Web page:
International Ice Hockey Federation

Smith: “Athleticism is key”

Smith: “Athleticism is key”

Legendary U.S. coach on state of women’s game

Published 19.02.2018 03:43 GMT+10 | Author Lucas Aykroyd
Smith: “Athleticism is key”
Ben Smith during the 2002 Olympic Winter Games on home ice in Salt Lake City. Photo: Gerry Thomas
Colourful, contrarian, complex. Call him what you want, but Ben Smith has never wavered in his desire to do his duty for USA Hockey. He’s worn every hat.

His first Olympic experience came 30 years ago as an assistant coach for Dave Peterson at the 1988 Games in Calgary. Currently serving as the director of player personnel for the 2018 Olympic men’s hockey team, Smith remains best-known for his role as the head coach of the women’s team at three consecutive Winter Games.

Smith, 72, masterminded the greatest moment in U.S. women’s hockey history, the 1998 Olympic gold medal victory over archrival Canada (3-1) in Nagano.

A former college coach at Dartmouth and Northeastern, he nearly guided the women’s national team to a home-ice triumph in Salt Lake City in 2002, but suffered a narrow final loss (3-2) to the Canadians. He was also there for the most shocking moment in 2006, the semi-final shootout loss to underdog Sweden (3-2) in Turin after long-time captain Cammi Granato was cut from the Olympic roster.

Overall, Smith’s official IIHF record with the national team was 37 wins and seven losses, with two gold medals (including the 2005 Women’s Worlds), seven silvers, and one bronze (the 2006 Olympics).

We chatted with IIHF Hall of Fame member Smith. He shared some candid thoughts on women’s hockey.

On how the women’s game has changed

I think the overall level of players has really risen. The one thing I’m not sure I’m seeing is the superstar level of player that might have been around back when I was coaching the first teams. But the rise of the game overall has taken off.

On girls playing with boys

There are so many more opportunities for girls to play on girls’ teams [now], and I think some of the great players grew up playing on boys’ teams. That’s how they got to the level they reached.

I think of Tara Mounsey, who played on the 1998 and 2002 Olympic teams. To me, she’s one of the top players of all time. She’s a defenceman, and they don’t always get the notoriety that the goalies and forwards get. But she was a rugged, physical, great athlete playing the game.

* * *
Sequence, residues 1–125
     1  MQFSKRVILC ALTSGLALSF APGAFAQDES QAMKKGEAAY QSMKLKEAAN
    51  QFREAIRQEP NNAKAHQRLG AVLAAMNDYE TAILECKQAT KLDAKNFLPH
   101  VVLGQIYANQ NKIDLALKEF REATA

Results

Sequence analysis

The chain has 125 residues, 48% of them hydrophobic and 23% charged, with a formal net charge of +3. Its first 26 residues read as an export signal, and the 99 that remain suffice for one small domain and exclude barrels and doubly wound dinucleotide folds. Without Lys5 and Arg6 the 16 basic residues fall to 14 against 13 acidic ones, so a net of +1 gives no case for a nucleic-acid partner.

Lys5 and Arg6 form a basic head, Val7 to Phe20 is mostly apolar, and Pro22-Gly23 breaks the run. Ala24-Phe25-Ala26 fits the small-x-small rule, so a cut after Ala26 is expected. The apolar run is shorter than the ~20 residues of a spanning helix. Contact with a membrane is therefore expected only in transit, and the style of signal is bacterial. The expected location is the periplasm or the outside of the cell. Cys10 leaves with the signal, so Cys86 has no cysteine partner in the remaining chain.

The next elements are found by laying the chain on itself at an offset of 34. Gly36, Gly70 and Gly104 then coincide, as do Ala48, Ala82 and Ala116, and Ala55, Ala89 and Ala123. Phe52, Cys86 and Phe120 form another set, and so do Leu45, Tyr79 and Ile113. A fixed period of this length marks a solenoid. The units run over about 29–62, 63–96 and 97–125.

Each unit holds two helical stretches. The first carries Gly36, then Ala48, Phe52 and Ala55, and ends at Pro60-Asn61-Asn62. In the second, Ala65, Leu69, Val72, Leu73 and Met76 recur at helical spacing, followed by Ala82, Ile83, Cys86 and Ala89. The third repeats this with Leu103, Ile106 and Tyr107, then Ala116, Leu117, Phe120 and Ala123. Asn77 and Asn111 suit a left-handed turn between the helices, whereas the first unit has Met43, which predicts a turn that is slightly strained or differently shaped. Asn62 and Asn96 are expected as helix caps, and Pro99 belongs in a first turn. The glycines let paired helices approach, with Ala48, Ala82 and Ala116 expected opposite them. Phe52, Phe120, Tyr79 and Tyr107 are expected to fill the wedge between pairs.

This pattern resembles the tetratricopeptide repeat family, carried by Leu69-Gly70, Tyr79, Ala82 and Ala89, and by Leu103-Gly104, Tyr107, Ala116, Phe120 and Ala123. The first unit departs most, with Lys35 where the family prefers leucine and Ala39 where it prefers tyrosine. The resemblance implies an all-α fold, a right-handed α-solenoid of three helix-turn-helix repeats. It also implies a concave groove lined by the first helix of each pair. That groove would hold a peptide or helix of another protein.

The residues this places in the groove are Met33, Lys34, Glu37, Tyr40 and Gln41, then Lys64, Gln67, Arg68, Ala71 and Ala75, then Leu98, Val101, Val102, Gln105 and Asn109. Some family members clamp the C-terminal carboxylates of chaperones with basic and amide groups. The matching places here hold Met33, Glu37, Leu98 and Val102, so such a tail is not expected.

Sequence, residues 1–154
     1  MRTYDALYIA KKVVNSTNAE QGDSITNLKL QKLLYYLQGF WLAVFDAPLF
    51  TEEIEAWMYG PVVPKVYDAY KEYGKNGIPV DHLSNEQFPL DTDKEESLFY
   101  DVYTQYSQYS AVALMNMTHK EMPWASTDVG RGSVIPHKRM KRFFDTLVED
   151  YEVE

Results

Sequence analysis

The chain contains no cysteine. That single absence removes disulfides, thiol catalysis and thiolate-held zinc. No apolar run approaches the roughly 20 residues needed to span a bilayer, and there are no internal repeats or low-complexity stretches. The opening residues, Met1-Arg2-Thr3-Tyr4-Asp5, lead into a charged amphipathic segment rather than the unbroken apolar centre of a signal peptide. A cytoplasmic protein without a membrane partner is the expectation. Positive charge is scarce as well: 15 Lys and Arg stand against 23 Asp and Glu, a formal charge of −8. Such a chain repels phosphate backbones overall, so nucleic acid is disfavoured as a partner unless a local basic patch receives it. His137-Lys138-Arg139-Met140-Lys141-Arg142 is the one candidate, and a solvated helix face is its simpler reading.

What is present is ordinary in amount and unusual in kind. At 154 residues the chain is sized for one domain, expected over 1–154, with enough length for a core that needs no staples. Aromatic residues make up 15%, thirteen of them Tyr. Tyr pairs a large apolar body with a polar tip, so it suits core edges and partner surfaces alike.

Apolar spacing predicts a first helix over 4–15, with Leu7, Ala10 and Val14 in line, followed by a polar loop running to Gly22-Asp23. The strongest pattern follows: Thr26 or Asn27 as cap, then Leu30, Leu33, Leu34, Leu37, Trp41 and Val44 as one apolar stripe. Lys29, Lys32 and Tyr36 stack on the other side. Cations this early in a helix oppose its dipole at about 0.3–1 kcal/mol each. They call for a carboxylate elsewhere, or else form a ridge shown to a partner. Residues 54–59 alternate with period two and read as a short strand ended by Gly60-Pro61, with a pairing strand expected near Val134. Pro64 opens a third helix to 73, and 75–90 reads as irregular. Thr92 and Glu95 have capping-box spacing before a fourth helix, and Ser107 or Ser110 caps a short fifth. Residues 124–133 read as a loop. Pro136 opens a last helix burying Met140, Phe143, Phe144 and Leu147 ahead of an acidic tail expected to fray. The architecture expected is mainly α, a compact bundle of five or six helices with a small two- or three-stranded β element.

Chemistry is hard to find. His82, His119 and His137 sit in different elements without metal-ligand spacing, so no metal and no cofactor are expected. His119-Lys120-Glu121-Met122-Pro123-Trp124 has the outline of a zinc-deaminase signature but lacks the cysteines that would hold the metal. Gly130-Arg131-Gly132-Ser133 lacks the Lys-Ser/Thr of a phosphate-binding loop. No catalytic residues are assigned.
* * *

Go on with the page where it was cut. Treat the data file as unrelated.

On the benefits of playing multiple sports

Those women we had in ‘98, they were all tremendous athletes. They all played at the collegiate level in a variety of sports. They were track stars, softball stars, field hockey stars. They played soccer and lacrosse.

Now one of the things that’s happening to our game in our part of the world, it seems that all they do is play hockey. I’m not sure that’s always a good thing for the younger kids. I think a full diet of athleticism is key. You're not going to get a great player if you don’t have a great athlete. The two things go hand in hand. I worry that some of our players are playing 50 weeks a year.

On why the U.S. has struggled to beat Canada in Olympic finals since 1998

It's so hard when things just come down to one game. Obviously you have to give the Canadian team so much credit for being able to do that. In 1997-98, we met each other 13 times going into Nagano, and we were at six wins and seven losses. Then we won the next two games to win the series and more importantly the gold medal. You don’t want to win the wrong game.

On what women’s hockey needs to reach the next level in America

What our sport needs is good athletes. We need people to get excited and come to the sport. There’s probably close to $30 million total spent on women’s hockey in a year in the United States, but there’s nothing like an Olympic gold medal.

That was always to me the saddest part about the Salt Lake thing. It was in our home in prime time. I think that would have been a really big boost.

 

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